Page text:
[Lingtyp] spatial deictic transfer
jb77 at buffalo.edu
Fri Mar 24 20:08:44 UTC 2023
Dear Sergey – Three things come to mind. First, a classic:
Wilkins, D. P., & D. Hill. (1995). When "go" means "come": Questioning the basicness of basic motion verbs. Cognitive Linguistics 6(2/3): 209-259.
Secondly, my colleague Gladys Camacho Rios reports that in South Bolivian Quechua (SBQ), the same associated motion (AM) marker expresses motion toward DC when combined with path verbs (acting as a directional) and motion away from DC when combined with non-motion verbs (including manner verbs, although apparently there is some fluidity here depending on context).
And, at the NAMED 2022 symposium at Kyoto, where Gladys presented her work, Daniel Ross and colleagues presented a typological study that suggested that there is in fact some typological regularity to the SBQ pattern, perhaps to the extent that across languages, directionals encode most commonly motion toward DC (ventive) and AM marker motion away from DC (itive).
Camacho Rios, G. (2022). Complex associated motion morphemes in South Bolivian Quechua. Named 2022: Neglected Aspects of Motion-Event Description 2022. Kyoto University.
Ross, D., J. Lovestrand, & B. Persohn. (2022). Deictic location in verb morphology: Between deictic directionals and associated motion. Named 2022: Neglected Aspects of Motion-Event Description 2022. Kyoto University.
And lastly, speaking of directionals and AM, you might of course find more leads in the recent (fantastic!) volume by Guillaume & Koch:
Guillaume, A. & H. Koch (eds.). (2021). Associated Motion. Berlin: De Gruyter Mouton. https://doi.org/10.1515/9783110692099
Best -- Juergen
Juergen Bohnemeyer (He/Him)
Professor, Department of Linguistics
University at Buffalo
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From: Lingtyp <lingtyp-bounces at listserv.linguistlist.org> on behalf of Sergey Loesov <sergeloesov at gmail.com>
Date: Friday, March 24, 2023 at 12:42 PM
To: lingtyp at listserv.linguistlist.org <lingtyp at listserv.linguistlist.org>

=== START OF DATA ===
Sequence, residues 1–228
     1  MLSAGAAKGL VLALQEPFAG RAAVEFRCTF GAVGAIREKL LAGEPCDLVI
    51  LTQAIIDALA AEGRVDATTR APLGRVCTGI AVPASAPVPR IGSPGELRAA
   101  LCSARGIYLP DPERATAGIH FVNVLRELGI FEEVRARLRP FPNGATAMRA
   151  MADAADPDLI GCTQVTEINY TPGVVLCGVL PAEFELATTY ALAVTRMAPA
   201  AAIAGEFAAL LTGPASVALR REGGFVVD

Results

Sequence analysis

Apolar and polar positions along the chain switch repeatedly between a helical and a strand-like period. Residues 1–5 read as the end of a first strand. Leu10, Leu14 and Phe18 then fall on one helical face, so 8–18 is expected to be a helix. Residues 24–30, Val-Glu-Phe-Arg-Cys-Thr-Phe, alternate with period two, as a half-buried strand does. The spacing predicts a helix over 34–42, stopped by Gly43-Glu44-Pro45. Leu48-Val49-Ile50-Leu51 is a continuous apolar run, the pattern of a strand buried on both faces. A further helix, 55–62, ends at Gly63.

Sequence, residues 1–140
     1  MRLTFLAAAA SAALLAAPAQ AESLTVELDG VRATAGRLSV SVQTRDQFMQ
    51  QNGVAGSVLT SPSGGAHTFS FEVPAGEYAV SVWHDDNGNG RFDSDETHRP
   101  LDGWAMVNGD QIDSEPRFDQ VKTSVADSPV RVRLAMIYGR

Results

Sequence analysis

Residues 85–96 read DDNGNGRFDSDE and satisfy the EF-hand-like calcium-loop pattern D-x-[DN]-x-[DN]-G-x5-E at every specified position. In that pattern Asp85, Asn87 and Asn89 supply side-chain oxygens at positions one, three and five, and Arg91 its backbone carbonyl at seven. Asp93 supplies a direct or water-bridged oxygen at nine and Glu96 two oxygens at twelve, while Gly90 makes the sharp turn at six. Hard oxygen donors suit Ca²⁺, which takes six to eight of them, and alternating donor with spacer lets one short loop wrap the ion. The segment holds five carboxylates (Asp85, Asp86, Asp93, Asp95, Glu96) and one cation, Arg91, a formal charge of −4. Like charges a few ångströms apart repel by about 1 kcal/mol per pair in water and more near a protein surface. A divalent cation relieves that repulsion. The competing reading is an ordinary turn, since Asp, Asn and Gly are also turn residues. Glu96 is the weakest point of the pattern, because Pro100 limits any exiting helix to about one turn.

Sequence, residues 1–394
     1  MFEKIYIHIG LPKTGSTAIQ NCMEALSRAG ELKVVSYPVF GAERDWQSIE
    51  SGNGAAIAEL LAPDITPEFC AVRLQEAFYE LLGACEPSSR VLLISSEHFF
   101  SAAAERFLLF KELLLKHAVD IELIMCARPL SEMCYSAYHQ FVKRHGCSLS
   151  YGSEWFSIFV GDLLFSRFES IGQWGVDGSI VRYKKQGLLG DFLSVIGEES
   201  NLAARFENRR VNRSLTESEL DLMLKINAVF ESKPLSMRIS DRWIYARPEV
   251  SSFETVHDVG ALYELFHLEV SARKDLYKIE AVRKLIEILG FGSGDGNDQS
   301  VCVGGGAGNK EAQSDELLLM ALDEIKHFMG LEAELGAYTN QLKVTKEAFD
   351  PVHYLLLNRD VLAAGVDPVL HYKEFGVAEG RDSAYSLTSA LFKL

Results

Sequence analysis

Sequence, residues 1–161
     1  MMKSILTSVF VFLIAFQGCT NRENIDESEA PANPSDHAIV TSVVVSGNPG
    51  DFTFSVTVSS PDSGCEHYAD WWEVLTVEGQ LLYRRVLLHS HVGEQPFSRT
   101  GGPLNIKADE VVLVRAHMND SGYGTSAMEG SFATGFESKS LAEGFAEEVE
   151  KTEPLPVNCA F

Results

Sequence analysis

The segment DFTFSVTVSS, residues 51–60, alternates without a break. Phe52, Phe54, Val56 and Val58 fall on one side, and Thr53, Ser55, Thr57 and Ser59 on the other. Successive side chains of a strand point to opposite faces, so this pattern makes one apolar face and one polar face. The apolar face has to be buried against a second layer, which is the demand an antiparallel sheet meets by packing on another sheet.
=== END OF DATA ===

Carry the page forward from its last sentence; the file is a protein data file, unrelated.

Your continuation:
Subject: [Lingtyp] spatial deictic transfer
I am working on the “Ventive” marker in Old Babylonian and Old Assyrian, two East Semitic varieties of the early second millennium BC, both with extensive and reasonably well understood epistolary corpora of private correspondence. The “Ventive” is a directional marker cliticized on motion verbs to indicate motion towards a deictic centre (DC). In the default case, the DC is the location of the speaker/writer, and the Ventive is obligatory in this context. But this marker often appears on verbs describing translocation towards THOU (the addressee of the respective letter), and – though less frequently – towards other goals.
I believe that to encode the motion towards the respective speaker/writer is the primordial and “natural” function of this marker, while the other usages represent “deictic transfers”, somewhat comparable to Bühler’s Deixis am Phantasma. I.e., a “deictic transfer” happens by virtue of the marker’s deictic (or “shifer”, in the sense of Roman Jakobson) nature.
Could you please suggest to me some cross-linguistic analogies and typological studies of spatial deictic shifts, migration of the DC from the speaker to something else?
Thank you very much,
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